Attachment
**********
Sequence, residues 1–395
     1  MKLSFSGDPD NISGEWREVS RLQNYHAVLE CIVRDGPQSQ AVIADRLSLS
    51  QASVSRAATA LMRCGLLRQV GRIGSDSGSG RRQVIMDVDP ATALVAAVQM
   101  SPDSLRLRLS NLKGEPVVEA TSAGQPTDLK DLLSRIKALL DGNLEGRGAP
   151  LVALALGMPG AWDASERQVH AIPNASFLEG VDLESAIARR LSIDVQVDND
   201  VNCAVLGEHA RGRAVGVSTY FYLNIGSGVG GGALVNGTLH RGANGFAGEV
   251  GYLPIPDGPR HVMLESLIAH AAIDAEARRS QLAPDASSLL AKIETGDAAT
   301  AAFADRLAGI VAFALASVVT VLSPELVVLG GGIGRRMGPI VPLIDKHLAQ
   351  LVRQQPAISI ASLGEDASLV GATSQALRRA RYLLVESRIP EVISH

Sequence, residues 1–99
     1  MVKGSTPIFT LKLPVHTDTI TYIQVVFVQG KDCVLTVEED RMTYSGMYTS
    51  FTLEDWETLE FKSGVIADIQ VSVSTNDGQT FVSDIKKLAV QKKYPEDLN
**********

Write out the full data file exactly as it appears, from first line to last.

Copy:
Sequence, residues 1–395
     1  MKLSFSGDPD NISGEWREVS RLQNYHAVLE CIVRDGPQSQ AVIADRLSLS
    51  QASVSRAATA LMRCGLLRQV GRIGSDSGSG RRQVIMDVDP ATALVAAVQM
   101  SPDSLRLRLS NLKGEPVVEA TSAGQPTDLK DLLSRIKALL DGNLEGRGAP
   151  LVALALGMPG AWDASERQVH AIPNASFLEG VDLESAIARR LSIDVQVDND
   201  VNCAVLGEHA RGRAVGVSTY FYLNIGSGVG GGALVNGTLH RGANGFAGEV
   251  GYLPIPDGPR HVMLESLIAH AAIDAEARRS QLAPDASSLL AKIETGDAAT
   301  AAFADRLAGI VAFALASVVT VLSPELVVLG GGIGRRMGPI VPLIDKHLAQ
   351  LVRQQPAISI ASLGEDASLV GATSQALRRA RYLLVESRIP EVISH

Sequence, residues 1–99
     1  MVKGSTPIFT LKLPVHTDTI TYIQVVFVQG KDCVLTVEED RMTYSGMYTS
    51  FTLEDWETLE FKSGVIADIQ VSVSTNDGQT FVSDIKKLAV QKKYPEDLN